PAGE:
A fun, safe space for queer people and allies alike!
- About QSA /
- Board /
- General Meetings /
- Events /
- YLEAD /
- The Ally Pledge /
- Resources /
- Contact Us /
- Questions? Ask away! /
- Submit /
- RSS /
Misandry isn’t real and you’re erasing the experiences of margnalized people by suggesting otherwise
Male sex workers can experience certain kinds of marginalization; racism, ableism, queerphobia and even whorephobia. Remember though that men experience whorephobia differently to women.
While a lot of homophobia is based around men being perceived as feminine and therefore rooted in misogyny, and while men are the main clients in sex work, it is women who have primarily been subject to moralism regarding sex. Even in the media, female sex workers are fetishized or demonized whereas male sex workers are often painted in a positive light (did anyone see the show Hung? or the film about male strippers?). Why? Because when men take their clothes of, they’re not subject to the sexualization women are under patriarchy. They are doing it out of choice, or its a gimmick, or it’s something fun. Women on the other hand are either privileged and vilified, marginalized and vilified or painted as helpless victims.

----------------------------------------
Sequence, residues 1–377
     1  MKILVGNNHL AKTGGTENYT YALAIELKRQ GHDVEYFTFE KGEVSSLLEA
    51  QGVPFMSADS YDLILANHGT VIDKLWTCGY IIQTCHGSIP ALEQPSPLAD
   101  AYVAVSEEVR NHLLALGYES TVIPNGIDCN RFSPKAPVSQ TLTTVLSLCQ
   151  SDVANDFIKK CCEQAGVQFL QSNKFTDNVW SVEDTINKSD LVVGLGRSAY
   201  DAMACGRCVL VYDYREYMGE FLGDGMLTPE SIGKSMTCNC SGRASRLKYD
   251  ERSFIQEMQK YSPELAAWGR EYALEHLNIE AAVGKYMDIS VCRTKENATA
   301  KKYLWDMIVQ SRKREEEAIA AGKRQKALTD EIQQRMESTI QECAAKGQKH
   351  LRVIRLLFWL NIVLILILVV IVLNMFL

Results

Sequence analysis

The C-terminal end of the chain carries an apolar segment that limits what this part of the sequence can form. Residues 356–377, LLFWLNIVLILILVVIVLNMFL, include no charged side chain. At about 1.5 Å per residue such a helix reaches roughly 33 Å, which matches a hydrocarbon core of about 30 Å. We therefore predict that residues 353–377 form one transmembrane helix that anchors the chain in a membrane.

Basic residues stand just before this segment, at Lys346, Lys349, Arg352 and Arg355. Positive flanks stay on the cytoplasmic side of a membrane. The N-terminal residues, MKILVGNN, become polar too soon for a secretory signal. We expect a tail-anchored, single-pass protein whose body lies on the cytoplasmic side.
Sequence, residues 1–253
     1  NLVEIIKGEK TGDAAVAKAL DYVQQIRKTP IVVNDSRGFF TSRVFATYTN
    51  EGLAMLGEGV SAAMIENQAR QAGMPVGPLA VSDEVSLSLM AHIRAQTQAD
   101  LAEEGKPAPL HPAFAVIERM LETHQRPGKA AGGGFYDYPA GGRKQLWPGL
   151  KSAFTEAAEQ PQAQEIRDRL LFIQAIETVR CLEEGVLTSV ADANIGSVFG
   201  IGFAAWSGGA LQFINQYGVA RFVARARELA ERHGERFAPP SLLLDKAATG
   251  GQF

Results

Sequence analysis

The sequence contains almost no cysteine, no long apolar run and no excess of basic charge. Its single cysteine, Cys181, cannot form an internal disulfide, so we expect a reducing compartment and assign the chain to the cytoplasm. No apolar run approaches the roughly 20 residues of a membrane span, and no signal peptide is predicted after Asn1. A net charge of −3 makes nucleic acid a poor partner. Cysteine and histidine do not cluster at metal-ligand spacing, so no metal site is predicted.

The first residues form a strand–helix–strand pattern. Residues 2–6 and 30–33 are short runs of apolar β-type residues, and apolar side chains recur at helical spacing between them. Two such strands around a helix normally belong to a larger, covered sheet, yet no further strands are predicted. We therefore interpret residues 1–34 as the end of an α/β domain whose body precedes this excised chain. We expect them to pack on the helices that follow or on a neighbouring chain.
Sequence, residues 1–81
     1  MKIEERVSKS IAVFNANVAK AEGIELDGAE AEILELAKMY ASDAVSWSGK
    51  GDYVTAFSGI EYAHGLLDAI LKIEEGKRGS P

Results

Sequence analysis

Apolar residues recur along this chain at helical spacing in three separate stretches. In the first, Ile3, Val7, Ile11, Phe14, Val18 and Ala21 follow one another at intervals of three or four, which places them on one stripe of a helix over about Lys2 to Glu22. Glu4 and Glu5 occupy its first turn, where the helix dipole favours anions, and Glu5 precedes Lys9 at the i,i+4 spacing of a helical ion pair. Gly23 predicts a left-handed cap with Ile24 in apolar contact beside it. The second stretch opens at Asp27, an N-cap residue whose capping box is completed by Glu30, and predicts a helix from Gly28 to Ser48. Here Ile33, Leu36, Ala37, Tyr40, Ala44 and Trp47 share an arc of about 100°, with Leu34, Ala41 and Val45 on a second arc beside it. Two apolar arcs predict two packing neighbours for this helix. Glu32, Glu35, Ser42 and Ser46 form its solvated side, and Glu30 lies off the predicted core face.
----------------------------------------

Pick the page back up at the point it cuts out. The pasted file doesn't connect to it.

Privilege and marginalization operate in the sex industry in very similar ways as they do everywhere else, with the exception that this is one of the few industries where women can earn decent money - comparatively more than men in the industry - without qualifications, experience etc. Despite that, it is still overwhelmingly white, cis, thin, young, able-bodied normative women who are able to work safely with higher pay and a lower risk of violence. Intersectionality is applicable everywhere, particularly in sex work. WoC are at a higher risk of violence in sex work than white women, cis women can expect a lower risk of violence than trans* women. In addition, these factors directly affect not only who abusers choose to target but the help that will be made available to the victim.